The Stylish Guide to Soundproofing Your HomeNovember 22, 2011 // Posted in:
Last Updated on November 22, 2011
Noise from neighbors, street traffic, kids and pets can keep you up at night. If you’ve considered soundproofing but don’t want to start constructing walls or sacrificing style for a sound night’s sleep, check out these chic alternatives for reducing noise in your home.
Without major construction, there are a several ways to soundproof your home. The first thing you’ll need to figure out is where the majority of the noise is coming from. Once you pinpoint the source it will be easy to choose the right noise reducing methods for the area.
If you find that the majority of the noise is coming from other rooms of the house via shared walls or from outside traffic, building a barrier could be a good solution. However there is no need to start putting up drywall. Floor to ceiling bookshelves or a media rack will minimize sounds when places against the offending shared wall. Not only does this look nice and minimize noise, but it gives you a lot of extra storage.
If you have ample storage already, or don’t want to add bulk MIO Acoustic Weave tiles and Träullit Hexagons are very effective sound reducers. The MIO tiles are eco-friendly and can be painted to match any décor. They give the wall a lot of texture and character and are relatively inexpensive. The other tile alternative, while still green, is slightly more Swedish. Träullit Hexagons are made from woodwool cement board and look more like art than sound-proofing.
For a less permanent, more customizable approach, try wrapping a few big plywood panels in fiberfill and faux upholstering them with a beautiful, lux fabric to match your interior.
Another way to reduce noise in your room is by spraying texture onto your ceiling. Roughening the surface will help absorb sound waves rather than bounce them around the room. The spray texture is easy to apply and the result is sometimes referred to as popcorn ceiling.
If street sounds keep you awake at night, it is most likely a result of thin windows. If you’re willing to shell out the extra cash to upgrade to triple pane windows it will make a difference in the room noise-wise. Triple pane windows have three layers of glass cushioned by layers of inert gasses that contribute to overall sound-dampening. However, if new windows are not in your future there is another way to sound proof your old ones. Your window treatments can work to reduce noise in the room. Select heavy fabrics instead of sheers or lightweight cotton. Consider lux fabrics like velvet. If noise is a problem opt for these curtains instead of light sheers or window blinds.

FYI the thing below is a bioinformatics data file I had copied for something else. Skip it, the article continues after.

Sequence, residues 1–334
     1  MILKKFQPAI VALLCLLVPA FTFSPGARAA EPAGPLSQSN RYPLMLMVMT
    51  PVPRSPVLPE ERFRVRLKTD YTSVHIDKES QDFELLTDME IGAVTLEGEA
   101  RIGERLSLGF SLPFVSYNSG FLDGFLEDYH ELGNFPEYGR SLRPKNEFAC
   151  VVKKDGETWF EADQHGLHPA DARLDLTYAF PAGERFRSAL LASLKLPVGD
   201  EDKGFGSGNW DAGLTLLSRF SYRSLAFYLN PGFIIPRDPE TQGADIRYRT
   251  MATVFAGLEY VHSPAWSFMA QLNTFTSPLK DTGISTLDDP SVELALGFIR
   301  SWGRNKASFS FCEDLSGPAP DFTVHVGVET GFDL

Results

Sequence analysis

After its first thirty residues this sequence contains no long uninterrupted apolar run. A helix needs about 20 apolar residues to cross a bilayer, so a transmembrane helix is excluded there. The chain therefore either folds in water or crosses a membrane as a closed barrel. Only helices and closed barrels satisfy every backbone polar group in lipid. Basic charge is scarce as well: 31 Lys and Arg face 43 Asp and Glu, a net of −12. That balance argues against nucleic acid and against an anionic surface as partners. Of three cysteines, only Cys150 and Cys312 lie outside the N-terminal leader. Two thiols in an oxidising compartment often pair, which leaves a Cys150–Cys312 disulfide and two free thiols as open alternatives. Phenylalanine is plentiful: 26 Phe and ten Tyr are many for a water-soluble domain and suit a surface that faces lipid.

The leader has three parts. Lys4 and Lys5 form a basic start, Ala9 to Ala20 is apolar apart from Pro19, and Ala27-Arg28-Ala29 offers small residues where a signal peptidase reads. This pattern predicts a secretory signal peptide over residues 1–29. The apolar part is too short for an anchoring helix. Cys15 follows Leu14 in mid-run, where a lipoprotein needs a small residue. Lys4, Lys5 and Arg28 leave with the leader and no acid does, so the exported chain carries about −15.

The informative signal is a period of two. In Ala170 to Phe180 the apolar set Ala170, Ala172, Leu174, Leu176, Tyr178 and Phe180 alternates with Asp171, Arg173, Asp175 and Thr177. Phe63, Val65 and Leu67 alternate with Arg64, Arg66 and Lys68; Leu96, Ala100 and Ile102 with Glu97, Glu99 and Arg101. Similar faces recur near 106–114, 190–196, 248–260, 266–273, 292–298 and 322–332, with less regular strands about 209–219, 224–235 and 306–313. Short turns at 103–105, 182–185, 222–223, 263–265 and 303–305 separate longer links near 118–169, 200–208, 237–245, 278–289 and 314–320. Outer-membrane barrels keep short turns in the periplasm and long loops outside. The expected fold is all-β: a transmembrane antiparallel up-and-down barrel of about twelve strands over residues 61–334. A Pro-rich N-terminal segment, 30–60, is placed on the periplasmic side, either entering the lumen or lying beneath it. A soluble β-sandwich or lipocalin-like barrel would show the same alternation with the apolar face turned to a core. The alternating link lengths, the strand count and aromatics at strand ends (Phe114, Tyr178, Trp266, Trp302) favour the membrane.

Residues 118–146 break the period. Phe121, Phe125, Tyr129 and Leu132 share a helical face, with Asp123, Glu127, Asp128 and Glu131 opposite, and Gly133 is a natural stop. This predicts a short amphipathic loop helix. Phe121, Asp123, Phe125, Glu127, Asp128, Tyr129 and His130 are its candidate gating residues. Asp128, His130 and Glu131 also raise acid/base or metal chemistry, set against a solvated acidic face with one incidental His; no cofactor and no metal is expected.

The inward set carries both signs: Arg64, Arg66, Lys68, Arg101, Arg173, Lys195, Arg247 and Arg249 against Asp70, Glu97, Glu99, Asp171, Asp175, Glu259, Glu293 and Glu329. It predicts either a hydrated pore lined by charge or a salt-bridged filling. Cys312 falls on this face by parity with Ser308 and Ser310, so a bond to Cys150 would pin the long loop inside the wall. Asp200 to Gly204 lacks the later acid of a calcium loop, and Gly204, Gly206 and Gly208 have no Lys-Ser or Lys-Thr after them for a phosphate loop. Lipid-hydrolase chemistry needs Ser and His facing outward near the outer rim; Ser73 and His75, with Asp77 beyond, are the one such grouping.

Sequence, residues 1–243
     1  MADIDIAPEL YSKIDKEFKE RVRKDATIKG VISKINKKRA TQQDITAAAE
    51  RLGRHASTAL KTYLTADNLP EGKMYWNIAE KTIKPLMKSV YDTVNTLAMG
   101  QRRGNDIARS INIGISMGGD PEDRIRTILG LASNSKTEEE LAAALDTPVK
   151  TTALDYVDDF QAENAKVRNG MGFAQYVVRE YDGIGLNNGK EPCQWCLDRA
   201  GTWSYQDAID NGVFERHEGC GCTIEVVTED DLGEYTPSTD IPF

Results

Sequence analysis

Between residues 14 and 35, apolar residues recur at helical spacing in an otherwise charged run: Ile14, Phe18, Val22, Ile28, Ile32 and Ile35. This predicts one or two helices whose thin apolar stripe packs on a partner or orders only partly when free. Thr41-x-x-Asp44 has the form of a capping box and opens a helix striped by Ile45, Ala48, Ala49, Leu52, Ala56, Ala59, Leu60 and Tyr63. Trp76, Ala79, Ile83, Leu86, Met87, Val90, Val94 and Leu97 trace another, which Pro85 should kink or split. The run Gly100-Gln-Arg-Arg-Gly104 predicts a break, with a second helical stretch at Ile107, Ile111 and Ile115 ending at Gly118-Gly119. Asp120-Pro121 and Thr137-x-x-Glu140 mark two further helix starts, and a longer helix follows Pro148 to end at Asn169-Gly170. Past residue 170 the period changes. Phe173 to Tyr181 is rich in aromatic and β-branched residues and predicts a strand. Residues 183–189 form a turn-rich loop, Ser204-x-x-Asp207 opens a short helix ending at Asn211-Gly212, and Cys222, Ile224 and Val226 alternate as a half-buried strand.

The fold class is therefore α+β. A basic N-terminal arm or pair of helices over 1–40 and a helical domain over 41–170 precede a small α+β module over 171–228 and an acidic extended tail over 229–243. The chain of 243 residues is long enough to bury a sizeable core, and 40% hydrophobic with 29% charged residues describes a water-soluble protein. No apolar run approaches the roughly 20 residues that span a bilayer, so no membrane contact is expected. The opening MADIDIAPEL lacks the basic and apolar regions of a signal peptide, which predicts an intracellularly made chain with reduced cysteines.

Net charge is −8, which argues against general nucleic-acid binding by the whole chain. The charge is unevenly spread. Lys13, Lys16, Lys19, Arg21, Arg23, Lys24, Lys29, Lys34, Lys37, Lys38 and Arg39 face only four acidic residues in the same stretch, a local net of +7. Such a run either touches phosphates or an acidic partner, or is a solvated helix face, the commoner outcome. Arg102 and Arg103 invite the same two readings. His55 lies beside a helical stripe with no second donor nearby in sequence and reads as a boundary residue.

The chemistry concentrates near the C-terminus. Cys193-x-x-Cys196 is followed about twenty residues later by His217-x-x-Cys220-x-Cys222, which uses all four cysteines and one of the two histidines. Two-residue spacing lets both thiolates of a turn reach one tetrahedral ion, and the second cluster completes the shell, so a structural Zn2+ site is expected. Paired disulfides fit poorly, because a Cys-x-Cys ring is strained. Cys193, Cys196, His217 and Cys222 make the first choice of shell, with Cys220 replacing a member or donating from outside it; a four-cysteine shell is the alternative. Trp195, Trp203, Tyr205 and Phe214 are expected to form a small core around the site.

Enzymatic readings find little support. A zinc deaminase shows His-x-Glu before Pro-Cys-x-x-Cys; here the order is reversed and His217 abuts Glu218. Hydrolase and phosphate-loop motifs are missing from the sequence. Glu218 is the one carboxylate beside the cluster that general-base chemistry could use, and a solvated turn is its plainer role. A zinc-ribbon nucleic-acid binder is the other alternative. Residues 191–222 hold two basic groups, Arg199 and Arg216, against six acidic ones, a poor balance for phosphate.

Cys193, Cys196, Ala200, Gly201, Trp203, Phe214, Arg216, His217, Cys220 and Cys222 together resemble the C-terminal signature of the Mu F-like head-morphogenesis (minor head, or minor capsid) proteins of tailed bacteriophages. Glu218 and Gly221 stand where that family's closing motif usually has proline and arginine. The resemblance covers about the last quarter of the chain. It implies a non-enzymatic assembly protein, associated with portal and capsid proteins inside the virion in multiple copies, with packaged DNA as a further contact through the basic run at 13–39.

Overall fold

Softer Things, Softer Sounds
Soft, heavy materials are great when it comes to absorbing sound. Think about a big empty room, sounds echo much more readily in an empty room than a full one. The more materials and textures you have in the room, the harder it is for sound to travel. Simple additions to your décor like throws, wraps and throw pillows will make all the difference. For noise that comes from above or below, consider adding high-pile rugs with thick pads to muffle sounds escaping from other rooms.
So don’t sacrifice style or start tearing apart your home with construction just to muffle some unwanted noise. Instead, try these easy style-friendly noise reducing tricks.
This article was written by Erie Construction. Follow Erie Construction on Twitter for more information about home improvement.